Deterioration in U.S.-Russian relations may disrupt coming talks with Iran

PARIS — Tensions between the West and Russia over events in Ukraine have cast a shadow over the second round of talks set to begin on Tuesday in Vienna on a permanent nuclear agreement with Iran.

Although the talks have no direct connection to Ukraine, their success hinges on solidarity among the so-called P5-plus-one countries — the five permanent members of the United Nations Security Council, which include Russia, plus Germany — in favor of a tough agreement with Iran to drastically scale back its nuclear program.

If Russia signals that its cooperation with the West has weakened, that will reduce pressure on Iran to make concessions, said experts knowledgeable about the talks, which began last month with three days of meetings involving senior diplomats from each of the governments involved.

A senior American official, speaking before the Iran talks and just before the secession vote in Crimea on Sunday that overwhelmingly approved reunification with Russia, indicated concern about possible consequences from the friction over Ukraine. Since western nations consider that vote illegal and have warned President Vladimir V. Putin of Russia not to annex Crimea, the situation for the Iran talks would now seem more worrisome.

“I think that we all hope that the incredibly difficult situation in Ukraine will not create issues for this negotiation,” said the official, speaking on the condition of anonymity because of the sensitivity of the talks.

“We hope that whatever happens in the days ahead, whatever actions we and the international community take, depending upon the decisions and the choices that Russia makes, that any actions that Russia subsequently takes will not put these negotiations at risk,” the official said.

Experts outside the government were more explicit.

“If President Putin goes ahead with his apparent intention to annex Crimea, we’re going to have to sanction Russia, and they are going to have to retaliate, and it’s really going to screw up the P5-plus-one negotiations with Iran,” said Gary Samore, a former senior aide on nonproliferation on the National Security Council in President Obama’s first term. He is now executive director for research at Harvard’s Belfer Center for Science and International Affairs, as well as the president of United Against Nuclear Iran, a group that advocates strong sanctions against Iran until the nuclear dispute is resolved.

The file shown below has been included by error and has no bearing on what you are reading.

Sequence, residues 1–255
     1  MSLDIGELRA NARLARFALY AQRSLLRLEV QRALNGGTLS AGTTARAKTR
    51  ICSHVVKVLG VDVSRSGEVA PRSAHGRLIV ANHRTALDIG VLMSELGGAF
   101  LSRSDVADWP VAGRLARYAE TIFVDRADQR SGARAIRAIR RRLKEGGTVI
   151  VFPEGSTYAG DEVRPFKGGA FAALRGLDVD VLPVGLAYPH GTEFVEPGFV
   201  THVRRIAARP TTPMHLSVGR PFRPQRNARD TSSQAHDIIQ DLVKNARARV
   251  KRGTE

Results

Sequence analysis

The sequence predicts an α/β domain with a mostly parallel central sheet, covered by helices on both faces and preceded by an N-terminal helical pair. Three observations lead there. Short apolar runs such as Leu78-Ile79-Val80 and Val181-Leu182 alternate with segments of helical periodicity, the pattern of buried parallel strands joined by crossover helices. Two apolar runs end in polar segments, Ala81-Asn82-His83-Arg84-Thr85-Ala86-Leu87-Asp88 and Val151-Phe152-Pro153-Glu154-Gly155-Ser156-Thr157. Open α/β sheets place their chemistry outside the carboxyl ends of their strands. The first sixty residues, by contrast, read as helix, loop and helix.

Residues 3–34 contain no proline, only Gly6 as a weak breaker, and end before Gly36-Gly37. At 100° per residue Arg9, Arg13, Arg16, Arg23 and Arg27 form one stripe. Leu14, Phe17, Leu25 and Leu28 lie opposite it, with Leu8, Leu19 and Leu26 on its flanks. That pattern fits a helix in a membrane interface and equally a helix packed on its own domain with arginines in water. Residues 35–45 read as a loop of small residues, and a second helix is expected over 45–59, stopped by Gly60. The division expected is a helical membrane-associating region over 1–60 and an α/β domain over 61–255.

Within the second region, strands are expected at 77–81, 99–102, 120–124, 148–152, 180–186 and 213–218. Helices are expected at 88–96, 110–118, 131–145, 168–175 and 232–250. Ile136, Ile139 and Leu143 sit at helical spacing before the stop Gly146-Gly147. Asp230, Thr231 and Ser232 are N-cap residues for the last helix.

“The problem will be that Iran will feel much less pressured to make any concessions if they think the P5-plus-one are squabbling,” Mr. Samore said. “The Iranians will be watching and waiting; they are not inclined to make any concessions anyway, but they are going to be less inclined until there is a resolution” of the situation in Ukraine.

There had been no expectation a deal would be reached quickly even before the Ukraine crisis. A temporary nuclear agreement, known as the joint action plan, which was reached on Nov. 24 in Geneva and took effect on Jan. 20, limited Iran’s nuclear activities in exchange for some temporary sanctions relief from the West.

The temporary accord, which lasts six months and is renewable, was designed to give negotiators more latitude to reach a permanent agreement. It expires in July but is renewable.

But negotiators always hope to make headway on smaller points so that they can begin to attack the bigger points of difference, and it appears that the potential spillover from Ukraine tensions could make it difficult to make progress even on more minor issues, Western officials said. At the last meeting, they agreed on a framework for the talks and a schedule.

Foreign Minister Mohammad Javad Zarif of Iran, who leads the country’s negotiations with the P5-plus-one group, appeared to lower expectations for progress. Speaking in Tehran last weekend, Mr. Zarif said diplomats “don’t expect to reach a deal in this round of talks.”

He said that they would discuss both Iran’s planned heavy water reactor at Arak, which the West fears could eventually be used to reprocess plutonium into possible weapons fuel, and Iran’s uranium enrichment program.

The two sides are far apart, with Iran adamant about retaining its right to enrich uranium for peaceful purposes and the West adamant that it wants measures to prevent Iran from ever turning the country’s supply of low-enriched uranium into higher-enriched bomb-grade fuel.

Although Iran denies having any intention of making a nuclear weapon, evidence that it appeared to have begun developing long-range missiles capable of carrying a nuclear warhead and that it tried to hide some of its uranium enrichment facilities has made the West as well as Israel and Iran’s Sunni Arab neighbors suspicious.

As part of the temporary agreement reached in November, Iran agreed to reduce its stock of uranium enriched to close to 20 percent in return for moderate sanctions relief, including access to $4.2 billion in Iranian cash frozen in foreign banks.

The International Atomic Energy Agency, the United Nations monitor of the Nuclear Nonproliferation Treaty, verified in early March that Iran was complying with the temporary agreement.

By The New York Times

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